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01-07-2013, 07:04 PM   #16
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Catching squirrels running around at F8 doesn't seem that great :\ That usually put me into the ISO 1600 category for any decent shutter speed unless it was super bright outside.

I must admit the camera loved to front focus. I would face it at the groundhog, for example, and the focus square would like to pick the grass in front.

I'll make sure to keep an eye on that when i get my K-30

Great post calculator. I must admit I was biased towards pentax combo over nikon combo (hence why im posting the question here i guess ) but when you said you think that combo is a little bit better than the d7000 combo... i just went ahead and bought the k30. i dont necessarily need to spend another 150 for the k-5 in my application i think.


Last edited by teylix; 01-07-2013 at 07:09 PM.
01-08-2013, 05:37 AM   #17
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QuoteOriginally posted by normhead Quote
You want to shoot 300mm hand held? You might get lucky every now and then, but probably a waste of time. Use a tripod.




that is one honk'in big telescope you have there
I never seen a *300 before and likely will never see one in person either
I think for squirrels I would get an old manual 300 f4 or 5.6. they are quiet a bit smaller so you can at least hand hold it. old 200 would likely be ok as well.

thanks

randy
01-08-2013, 08:57 AM   #18
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QuoteOriginally posted by slip Quote
I think for squirrels I would get an old manual 300 f4 or 5.6. they are quiet a bit smaller so you can at least hand hold it.
A monopod can work very well also and it is a lot more flexible than a tripod if you move around a lot. Just remember to leave SR on when on a monopod.
01-08-2013, 10:56 AM   #19
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QuoteOriginally posted by demp10 Quote
Originally posted by teylix
It seems alright but I don't seem to get that extra clarity I'm seeing in the Da* 300mm photos.

It appears to me that your images are front focused. You can calibrate the camera with the 55-300 lens to nail focus and then the images will be much sharper.

Also the 55-300 at the 300mm end benefits significantly if you stop it down a bit. Even at F6.3 or F7.1 you can see a difference. If conditions allows try F8.

From my experience, if you do not go all the way to 300 and stay around 270mm (where the max F stop goes from 5.6 to 5.8) you get sharper images.

A tripod (or monopod) of course will provide the most benefit along with a strong flash.
ditto - and regarding the front focus, you will need to check if that really is a needed camera calibration, or what the camera is selecting as the subject. Any time your subject is surrounded by high contrast scene elements (grass, twigs, rough bark are good examples), you have to be especially careful. I prefer to use not let the camera select the focus points. I either stick with the center point or select the focus point myself.

And to be blunt there are just sometimes when it is faster to just manually focus. In my case, I gave up using auto-focus on squirrels in trees some time back; I had too many photos of razor sharp branches just above or below the squirrel.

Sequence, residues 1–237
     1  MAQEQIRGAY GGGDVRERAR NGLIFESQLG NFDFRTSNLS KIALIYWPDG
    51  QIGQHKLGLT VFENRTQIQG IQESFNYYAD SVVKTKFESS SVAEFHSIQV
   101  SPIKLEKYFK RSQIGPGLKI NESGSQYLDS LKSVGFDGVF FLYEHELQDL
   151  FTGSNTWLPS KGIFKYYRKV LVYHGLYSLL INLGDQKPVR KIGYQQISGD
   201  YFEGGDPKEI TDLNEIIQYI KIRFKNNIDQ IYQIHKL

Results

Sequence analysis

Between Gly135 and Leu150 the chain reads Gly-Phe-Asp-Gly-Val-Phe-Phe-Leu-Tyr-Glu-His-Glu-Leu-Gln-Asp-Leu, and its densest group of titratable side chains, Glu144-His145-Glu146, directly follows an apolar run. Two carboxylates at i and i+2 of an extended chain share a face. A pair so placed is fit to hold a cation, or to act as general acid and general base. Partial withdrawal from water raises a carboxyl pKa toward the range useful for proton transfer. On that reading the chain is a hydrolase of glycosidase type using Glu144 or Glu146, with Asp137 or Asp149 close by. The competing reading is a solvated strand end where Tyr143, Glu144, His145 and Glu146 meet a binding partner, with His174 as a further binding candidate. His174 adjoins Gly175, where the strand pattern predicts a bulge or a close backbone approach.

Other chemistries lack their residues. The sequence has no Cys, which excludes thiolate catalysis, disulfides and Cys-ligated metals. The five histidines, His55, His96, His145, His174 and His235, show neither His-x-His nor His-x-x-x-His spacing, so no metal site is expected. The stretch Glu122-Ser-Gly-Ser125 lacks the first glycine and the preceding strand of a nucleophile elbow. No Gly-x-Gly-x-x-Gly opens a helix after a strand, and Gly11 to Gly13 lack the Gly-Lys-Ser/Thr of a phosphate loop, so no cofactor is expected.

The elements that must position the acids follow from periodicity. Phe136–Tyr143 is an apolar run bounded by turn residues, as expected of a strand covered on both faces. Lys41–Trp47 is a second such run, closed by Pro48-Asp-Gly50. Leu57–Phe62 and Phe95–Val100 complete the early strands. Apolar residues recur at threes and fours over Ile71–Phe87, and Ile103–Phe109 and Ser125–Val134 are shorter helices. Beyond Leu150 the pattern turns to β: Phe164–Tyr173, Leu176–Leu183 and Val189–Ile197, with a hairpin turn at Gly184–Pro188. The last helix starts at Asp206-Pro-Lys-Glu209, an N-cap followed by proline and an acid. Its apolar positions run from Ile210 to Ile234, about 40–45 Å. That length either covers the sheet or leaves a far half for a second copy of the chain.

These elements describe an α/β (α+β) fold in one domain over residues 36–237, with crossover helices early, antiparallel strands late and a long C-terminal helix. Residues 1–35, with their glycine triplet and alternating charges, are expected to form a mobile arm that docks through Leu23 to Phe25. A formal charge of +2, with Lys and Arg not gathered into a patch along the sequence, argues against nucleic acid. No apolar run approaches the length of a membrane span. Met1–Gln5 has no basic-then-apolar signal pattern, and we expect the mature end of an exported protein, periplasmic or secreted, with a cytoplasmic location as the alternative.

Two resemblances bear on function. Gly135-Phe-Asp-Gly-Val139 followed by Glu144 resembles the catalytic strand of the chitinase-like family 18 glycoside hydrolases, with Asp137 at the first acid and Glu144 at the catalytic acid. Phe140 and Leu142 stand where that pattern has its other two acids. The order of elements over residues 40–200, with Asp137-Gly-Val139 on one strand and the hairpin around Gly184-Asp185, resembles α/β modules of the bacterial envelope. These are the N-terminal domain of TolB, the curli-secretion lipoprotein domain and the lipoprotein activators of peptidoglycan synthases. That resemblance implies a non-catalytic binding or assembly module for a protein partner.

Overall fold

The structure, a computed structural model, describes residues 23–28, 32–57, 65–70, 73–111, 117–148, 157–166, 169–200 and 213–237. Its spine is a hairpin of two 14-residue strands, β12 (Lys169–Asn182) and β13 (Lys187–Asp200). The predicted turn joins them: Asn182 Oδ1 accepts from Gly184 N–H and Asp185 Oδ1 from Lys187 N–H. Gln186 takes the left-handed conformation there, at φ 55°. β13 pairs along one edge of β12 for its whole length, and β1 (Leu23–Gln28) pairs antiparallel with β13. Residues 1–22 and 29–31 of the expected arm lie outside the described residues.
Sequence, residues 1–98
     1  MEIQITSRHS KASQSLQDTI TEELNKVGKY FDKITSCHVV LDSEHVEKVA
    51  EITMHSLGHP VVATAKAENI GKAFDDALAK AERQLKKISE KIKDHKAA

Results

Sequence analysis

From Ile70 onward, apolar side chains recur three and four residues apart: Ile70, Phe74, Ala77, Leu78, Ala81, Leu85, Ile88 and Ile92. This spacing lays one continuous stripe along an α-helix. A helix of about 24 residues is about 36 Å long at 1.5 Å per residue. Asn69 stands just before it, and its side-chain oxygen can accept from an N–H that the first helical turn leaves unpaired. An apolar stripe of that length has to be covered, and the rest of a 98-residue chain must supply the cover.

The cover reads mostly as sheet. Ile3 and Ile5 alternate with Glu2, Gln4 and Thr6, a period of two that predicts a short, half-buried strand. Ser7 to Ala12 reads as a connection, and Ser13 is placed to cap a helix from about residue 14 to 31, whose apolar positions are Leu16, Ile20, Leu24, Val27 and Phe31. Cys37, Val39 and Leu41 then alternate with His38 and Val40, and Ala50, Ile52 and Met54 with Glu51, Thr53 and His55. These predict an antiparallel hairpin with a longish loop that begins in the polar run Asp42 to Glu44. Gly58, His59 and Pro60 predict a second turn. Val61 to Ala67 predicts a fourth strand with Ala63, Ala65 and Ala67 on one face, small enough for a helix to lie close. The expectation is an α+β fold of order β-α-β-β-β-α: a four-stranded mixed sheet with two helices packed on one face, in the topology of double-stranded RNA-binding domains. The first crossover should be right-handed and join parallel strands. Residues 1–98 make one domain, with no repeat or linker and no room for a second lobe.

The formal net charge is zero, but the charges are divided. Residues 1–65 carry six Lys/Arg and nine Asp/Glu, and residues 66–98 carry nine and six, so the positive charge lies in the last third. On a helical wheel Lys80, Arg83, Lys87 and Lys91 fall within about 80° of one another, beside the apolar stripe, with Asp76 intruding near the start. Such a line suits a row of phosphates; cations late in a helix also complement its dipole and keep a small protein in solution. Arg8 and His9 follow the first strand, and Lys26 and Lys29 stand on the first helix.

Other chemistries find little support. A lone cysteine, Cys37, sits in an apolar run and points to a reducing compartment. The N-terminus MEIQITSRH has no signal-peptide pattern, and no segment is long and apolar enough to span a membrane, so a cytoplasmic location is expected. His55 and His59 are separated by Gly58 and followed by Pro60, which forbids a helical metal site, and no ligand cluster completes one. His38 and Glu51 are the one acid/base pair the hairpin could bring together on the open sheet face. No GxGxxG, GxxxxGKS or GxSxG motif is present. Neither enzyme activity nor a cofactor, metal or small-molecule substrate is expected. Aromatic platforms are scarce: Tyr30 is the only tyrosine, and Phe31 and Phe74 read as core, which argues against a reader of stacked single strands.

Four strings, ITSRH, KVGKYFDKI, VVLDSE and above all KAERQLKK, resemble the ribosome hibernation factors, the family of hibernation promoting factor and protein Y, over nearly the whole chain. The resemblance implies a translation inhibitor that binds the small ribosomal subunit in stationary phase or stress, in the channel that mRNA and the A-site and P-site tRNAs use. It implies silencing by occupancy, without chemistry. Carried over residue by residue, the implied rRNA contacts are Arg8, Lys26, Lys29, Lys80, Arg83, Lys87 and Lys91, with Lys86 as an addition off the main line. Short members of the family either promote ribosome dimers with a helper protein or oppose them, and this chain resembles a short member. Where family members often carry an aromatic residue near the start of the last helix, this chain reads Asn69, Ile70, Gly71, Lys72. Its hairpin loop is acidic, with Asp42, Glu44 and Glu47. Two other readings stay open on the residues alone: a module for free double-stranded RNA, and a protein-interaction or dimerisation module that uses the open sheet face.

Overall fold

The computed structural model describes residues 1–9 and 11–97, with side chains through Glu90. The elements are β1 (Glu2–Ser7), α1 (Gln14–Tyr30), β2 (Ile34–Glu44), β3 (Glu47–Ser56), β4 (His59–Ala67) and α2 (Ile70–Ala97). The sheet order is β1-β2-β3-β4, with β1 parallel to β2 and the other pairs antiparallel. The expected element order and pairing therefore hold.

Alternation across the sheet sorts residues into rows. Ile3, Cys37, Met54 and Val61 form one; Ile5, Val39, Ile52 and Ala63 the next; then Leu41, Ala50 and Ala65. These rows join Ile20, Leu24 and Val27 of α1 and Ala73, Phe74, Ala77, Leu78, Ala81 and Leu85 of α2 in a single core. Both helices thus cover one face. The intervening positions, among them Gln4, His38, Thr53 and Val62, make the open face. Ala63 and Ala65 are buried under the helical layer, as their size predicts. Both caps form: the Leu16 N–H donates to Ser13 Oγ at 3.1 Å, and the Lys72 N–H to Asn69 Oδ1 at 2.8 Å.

01-09-2013, 10:50 PM   #20
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Hi teylix,

Some pretty good advice here. I end up shooting squirrels for practice when there aren't birds around because the little devils are challenging. I usually like to shoot longer than 300mm because I can stay outside their safety radius and still get pretty good close ups. Even though the squirrels around here are pretty used to people, it's still hard to really get close.

I also find handholding is more effective than using either a tripod or monopod because I generally need a bit more freedom in camera positioning than most support will give me -- like getting low even though my aging knees protest vigorously. Of course, for really big glass, there is no other way to go, but up to 510mm, with an FA* 300 f4.5 and Pentax F 1.7x Auto Focusing Adapter, I'm good handheld. Different people have different capabilities, but with the higher ISO capabilities of the K-5 and K-5 IIs (and your new K30), it's easier to get higher shutter speeds, even with slow max aperture combinations like I use. I've found with SR, I'm pretty confident on getting a good percentage of usable images handheld at 1/125 or faster with the 510mm kit.

Here are two examples -- the first is a melanistic black-gray squirrel. I've been trying without any success to get a good shot of one of these guys for over 6 years. Got this one first day out with the K-5 IIs right after I set it up as I like -- who woulda guessed. . .

K-5 IIs, FA* 300 f4.5 + F 1.7x AFA, f8 (lens wide open), 1/250, ISO 4500. PP'd with very light applications of Topaz Denoise, Topaz InFocus, resized for posting. No cropping, handheld, shot in jpeg ***.


A plain gray snacking from the same day.

K-5 IIs, FA* 300 f4.5 + F 1.7x AFA, f8 (lens wide open), 1/250, ISO 6400, PP'd with very light applications of Topaz Denoise, Topaz InFocus, resized for posting. No cropping, handheld, shot in jpeg ***.


Congrats on your K30! and good luck in your squirreling!

Scott
01-10-2013, 03:30 AM   #21
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@Snostorm

Your No.1 shot is truly excellently sharp and well focused. I can just about pat him through my screen!
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